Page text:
rack and ruin, gone to

rack and ruin

cliché Utter destruction or ruination; severe or total decay or degradation, as from disuse or lack of upkeep. "Rack" here is a variant spelling of "wrack," a now-archaic word meaning wreckage or destruction. Used especially in the phrase "go to rack and ruin." The rack and ruin of my grandfather's estate pains me greatly. If only we'd been able to afford for someone to look after it for all these years. The neighbor's property has really gone to rack and ruin lately. I'm thinking about filing a complaint with the neighborhood association!
See also: and, rack, ruin

wrack and ruin

cliché Utter destruction or ruination; severe or total decay or degradation, as from disuse or lack of upkeep. ("Wrack," a now-archaic word meaning wreckage or destruction, is also often spelled "rack.") Used especially in the phrase "go to wrack and ruin." The wrack and ruin of my grandfather's estate pains me greatly. If only we'd been able to afford for someone to look after it for all these years. The neighbor's property has really gone to wrack and ruin lately. I'm thinking about filing a complaint with the neighborhood association!
See also: and, ruin, wrack
Farlex Dictionary of Idioms. © 2015 Farlex, Inc, all rights reserved.

wrack and ruin

Cliché complete destruction or ruin. They went back after the fire and saw the wrack and ruin that used to be their house. Drinking brought him nothing but wrack and ruin.
See also: and, ruin, wrack
McGraw-Hill Dictionary of American Idioms and Phrasal Verbs. © 2002 by The McGraw-Hill Companies, Inc.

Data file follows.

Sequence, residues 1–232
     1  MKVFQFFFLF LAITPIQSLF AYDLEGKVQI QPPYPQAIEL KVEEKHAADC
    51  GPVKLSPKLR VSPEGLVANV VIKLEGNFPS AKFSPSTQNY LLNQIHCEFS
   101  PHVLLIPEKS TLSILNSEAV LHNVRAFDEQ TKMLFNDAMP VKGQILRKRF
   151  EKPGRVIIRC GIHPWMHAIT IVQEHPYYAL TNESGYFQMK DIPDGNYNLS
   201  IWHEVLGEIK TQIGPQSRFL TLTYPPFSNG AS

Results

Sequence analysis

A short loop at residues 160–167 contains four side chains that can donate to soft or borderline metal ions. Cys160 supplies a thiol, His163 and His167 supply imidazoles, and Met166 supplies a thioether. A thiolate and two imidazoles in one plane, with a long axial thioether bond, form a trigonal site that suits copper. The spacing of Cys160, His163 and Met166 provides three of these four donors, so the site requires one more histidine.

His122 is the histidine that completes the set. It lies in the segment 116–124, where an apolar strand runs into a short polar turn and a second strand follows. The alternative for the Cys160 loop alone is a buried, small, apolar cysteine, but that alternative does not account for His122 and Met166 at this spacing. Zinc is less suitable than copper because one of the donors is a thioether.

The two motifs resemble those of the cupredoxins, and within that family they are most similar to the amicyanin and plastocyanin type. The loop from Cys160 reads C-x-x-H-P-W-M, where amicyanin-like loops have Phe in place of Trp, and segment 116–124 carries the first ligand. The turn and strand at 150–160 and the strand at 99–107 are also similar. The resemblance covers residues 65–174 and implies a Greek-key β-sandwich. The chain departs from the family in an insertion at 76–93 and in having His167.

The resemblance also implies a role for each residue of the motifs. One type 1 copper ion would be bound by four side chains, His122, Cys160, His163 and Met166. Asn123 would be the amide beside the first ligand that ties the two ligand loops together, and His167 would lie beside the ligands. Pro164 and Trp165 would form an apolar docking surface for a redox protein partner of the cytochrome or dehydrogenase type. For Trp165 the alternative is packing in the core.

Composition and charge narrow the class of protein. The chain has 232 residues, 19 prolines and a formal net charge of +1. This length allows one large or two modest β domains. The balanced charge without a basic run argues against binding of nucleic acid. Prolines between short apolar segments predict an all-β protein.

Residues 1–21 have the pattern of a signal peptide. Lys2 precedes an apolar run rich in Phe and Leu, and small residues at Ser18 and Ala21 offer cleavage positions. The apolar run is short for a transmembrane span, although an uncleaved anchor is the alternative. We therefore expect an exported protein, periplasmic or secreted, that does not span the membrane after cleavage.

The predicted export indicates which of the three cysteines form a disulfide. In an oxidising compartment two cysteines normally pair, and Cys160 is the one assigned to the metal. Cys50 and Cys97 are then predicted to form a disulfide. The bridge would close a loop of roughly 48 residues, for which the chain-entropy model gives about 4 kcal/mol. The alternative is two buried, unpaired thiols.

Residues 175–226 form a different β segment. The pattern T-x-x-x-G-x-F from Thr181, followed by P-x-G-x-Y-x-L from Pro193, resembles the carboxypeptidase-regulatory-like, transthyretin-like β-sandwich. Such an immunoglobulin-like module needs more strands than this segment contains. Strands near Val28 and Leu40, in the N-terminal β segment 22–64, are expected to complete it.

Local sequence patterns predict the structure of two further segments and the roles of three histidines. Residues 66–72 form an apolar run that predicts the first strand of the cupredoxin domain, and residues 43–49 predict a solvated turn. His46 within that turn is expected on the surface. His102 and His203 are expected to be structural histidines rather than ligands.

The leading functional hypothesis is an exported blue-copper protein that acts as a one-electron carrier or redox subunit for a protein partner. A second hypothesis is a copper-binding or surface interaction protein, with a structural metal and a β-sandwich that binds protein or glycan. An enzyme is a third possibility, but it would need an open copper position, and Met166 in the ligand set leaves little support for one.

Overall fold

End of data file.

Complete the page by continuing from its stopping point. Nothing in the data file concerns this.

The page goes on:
rack and ruin, gone to

Dilapidated and decayed. These words originally meant utter destruction and financial ruin, rack here being a variant of wreck (it was sometimes spelled wrack, showing the close association). The term, from the sixteenth century, no doubt owes its long life in part to alliteration. Today it is most often used of inanimate objects, such as a building or a business. In 1782 Elizabeth Blower doubled up on clichés, writing, “Everything would soon go to sixes and sevens, and rack and ruin” (George Bateman).
See also: and, gone, rack
The Dictionary of Clichés by Christine Ammer Copyright © 2013 by Christine Ammer

rack and ruin

Completely destroyed. “Rack” is a variant of “wrack,” meaning “wreck.” Accordingly, something (or someone) that has gone to rack and ruin is totally devastated.
See also: and, rack, ruin
Endangered Phrases by Steven D. Price Copyright © 2011 by Steven D. Price
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